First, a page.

One of the biggest beer developments of the past 12 months is this: Walmart now sells its own “craft” beer.
Fritz Hahn for The Washington Post
Go ahead and laugh. I’m assuming most beer lovers don’t spend much time thinking about the craft ales and lagers in the cooler at Walmart, especially if the selection is as mediocre as the one at my local D.C. store, where the few sixers and sampler 12-packs of Flying Dog, New Belgium and Dogfish Head are dwarfed by 30-packs of Natural Light and Tecate. But market research firm Placed Insights ranks Walmart as the most popular store in the country, with more than half of all American shoppers visiting one of the company’s 4,600 stores in a given month. That’s a lot of eyes falling on those products.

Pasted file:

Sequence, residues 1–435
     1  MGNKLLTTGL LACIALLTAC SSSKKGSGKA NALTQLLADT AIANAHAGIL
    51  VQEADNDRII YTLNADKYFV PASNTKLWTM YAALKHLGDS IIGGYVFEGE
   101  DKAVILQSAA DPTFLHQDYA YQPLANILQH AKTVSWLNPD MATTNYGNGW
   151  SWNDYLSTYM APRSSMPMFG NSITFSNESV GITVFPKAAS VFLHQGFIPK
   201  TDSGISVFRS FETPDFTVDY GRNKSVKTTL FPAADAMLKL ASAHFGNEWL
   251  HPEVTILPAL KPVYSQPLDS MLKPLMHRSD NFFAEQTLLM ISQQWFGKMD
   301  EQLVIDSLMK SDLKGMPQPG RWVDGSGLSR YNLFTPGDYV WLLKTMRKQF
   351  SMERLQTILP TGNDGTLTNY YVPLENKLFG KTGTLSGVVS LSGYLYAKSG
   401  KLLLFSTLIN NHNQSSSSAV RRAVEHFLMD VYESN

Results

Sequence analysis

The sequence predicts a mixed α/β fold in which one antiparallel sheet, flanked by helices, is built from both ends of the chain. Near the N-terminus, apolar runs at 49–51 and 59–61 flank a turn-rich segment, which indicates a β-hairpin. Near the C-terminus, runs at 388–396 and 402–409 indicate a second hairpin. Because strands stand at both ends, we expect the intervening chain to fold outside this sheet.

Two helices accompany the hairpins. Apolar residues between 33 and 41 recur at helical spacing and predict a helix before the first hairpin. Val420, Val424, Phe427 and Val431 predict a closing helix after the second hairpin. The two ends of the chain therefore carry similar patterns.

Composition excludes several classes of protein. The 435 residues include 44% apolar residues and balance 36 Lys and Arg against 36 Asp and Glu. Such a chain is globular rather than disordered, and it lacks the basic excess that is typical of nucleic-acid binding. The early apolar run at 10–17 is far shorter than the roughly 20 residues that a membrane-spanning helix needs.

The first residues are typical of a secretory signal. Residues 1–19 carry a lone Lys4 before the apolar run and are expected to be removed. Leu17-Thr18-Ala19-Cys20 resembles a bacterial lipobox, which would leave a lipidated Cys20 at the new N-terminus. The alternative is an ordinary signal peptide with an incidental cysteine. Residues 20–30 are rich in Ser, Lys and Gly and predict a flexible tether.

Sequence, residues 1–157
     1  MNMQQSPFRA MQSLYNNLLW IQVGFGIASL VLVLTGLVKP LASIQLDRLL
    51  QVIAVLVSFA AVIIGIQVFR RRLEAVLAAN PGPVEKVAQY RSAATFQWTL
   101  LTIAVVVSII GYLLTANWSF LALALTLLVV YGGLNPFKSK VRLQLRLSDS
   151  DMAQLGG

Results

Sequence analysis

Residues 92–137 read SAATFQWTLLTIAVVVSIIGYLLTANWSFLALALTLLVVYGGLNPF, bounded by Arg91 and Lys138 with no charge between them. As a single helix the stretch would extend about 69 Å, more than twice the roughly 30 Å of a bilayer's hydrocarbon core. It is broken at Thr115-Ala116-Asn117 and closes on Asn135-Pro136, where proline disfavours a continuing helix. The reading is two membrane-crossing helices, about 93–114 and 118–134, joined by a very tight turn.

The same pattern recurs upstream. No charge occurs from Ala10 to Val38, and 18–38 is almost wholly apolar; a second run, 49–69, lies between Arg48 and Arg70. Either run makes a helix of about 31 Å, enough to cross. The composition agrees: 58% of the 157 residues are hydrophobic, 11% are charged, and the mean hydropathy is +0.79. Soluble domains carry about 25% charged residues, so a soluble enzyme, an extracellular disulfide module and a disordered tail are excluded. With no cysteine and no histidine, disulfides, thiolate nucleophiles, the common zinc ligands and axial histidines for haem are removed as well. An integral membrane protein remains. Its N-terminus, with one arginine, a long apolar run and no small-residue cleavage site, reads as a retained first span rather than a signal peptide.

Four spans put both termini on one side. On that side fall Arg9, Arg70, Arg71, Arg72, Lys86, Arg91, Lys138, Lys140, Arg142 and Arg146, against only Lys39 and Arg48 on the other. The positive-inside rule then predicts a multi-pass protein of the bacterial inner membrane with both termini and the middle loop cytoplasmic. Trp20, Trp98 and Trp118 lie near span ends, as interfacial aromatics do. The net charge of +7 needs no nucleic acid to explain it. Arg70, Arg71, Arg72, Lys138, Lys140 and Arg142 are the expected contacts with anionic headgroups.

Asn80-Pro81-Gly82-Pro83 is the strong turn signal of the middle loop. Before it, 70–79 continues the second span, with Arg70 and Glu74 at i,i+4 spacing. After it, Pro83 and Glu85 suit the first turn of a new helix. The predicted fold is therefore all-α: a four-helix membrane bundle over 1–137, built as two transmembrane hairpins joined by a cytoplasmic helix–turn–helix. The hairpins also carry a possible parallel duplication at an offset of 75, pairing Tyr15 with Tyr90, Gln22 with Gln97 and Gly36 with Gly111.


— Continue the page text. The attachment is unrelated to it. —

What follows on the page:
Teresa Budd, a senior buyer for Walmart’s adult beverage team, says the company began to notice its craft beer sales growing a few years ago, especially compared with sales of mainstream domestic beers. The company put out an offer to suppliers around the country, seeking to produce an IPA, a pale ale, an amber ale and a Belgian-style ale, Budd says, because “those were the top four best-selling craft styles at the time.” After samplings and tastings, “making sure it’s exactly what we want,” Walmart began producing beer in “collaboration” with a company called Trouble Brewing in Rochester, N.Y.